The Fallon Youth Bowlers will host its first informational meeting at Oasis Bowl on Aug. 29 before practices begin on Sept. 12 while the group looks to optimize its practice time despite conflicting schedules.
Ronald Dale, coach of the youth bowlers for the past 15 years, has seen several members competing at the state level in the past decade alone, but said the timing is never easy in maintaining the group.
“What we’re having problems with is more or less competing with the other sports,” Dale said of the upcoming season. “Since we run from September to about April, we’re competing with youth football leagues, basketball, baseball and others. When we first started some of those weren’t around. What we’re trying to do is reach those kids who are playing those sports and remind them they can join the league any time.”
In its arguably best years the Fallon Youth Bowlers has had more than 30 bowlers but has since dwindled to less than 10 members last year, though, this didn’t stop last year’s team from sending four to the state tournament (via the United States Bowling Congress) and one Fallon bowler winning second in their division.
To keep up with the curve, Dale said the weekly practices will likely be scheduled on Monday nights to avoid conflicts with other sports. Any bowlers up to 18 years old are welcome.
“We try to get the school to support it a little bit and get some information out,” Dale said as the coach of a non-school funded athletic program, “but we haven’t had much success in that,”
Members of the youth bowlers, however, can still look forward to the return of the No PAP tournament, a nine-pin strike competition fundraise run by the group and some parents. While there is no set date for the tournament, Dale said he is hoping this year’s will be more successful.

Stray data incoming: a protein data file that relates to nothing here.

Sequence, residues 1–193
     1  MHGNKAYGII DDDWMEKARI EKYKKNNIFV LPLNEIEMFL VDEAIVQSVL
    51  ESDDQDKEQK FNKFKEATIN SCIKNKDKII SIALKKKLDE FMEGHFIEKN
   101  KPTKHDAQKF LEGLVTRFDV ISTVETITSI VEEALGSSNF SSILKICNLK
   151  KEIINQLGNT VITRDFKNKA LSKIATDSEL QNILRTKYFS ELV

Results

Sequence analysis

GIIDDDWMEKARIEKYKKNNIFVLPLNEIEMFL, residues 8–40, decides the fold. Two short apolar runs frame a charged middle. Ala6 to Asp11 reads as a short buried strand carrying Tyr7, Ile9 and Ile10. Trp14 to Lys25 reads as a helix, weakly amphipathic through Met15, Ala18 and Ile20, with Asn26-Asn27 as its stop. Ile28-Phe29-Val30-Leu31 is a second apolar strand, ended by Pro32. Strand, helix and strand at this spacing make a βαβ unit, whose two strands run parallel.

“The bowling alley has had new owners over the last two years so we’re trying to build that again,” he said. “Most of that money will go to a scholarship fund we started two years ago. The money goes into a national fund for when the kids are old enough to be used for books.”
The scolarship fund has averaged $1,200-$1,500 since it began, and is made possible by fundraisers such as the tournament and membership fees. While there is a first week $17 participation fee followed by a weekly charge of $8.50, Dale said the club assists low-income members and won’t turn any kids away.
“If the kids are on the lower income side we have a fund we use to help pay for bowling,” Dale said. “They don’t have to pay for the bowling such as in an adult league where they pay every week. We’re just eager to get kids in. It’s actually the future of the adult leagues, really, when we get down to it. Those leagues have been dwindling over the last few years too because not enough kids grow into it.”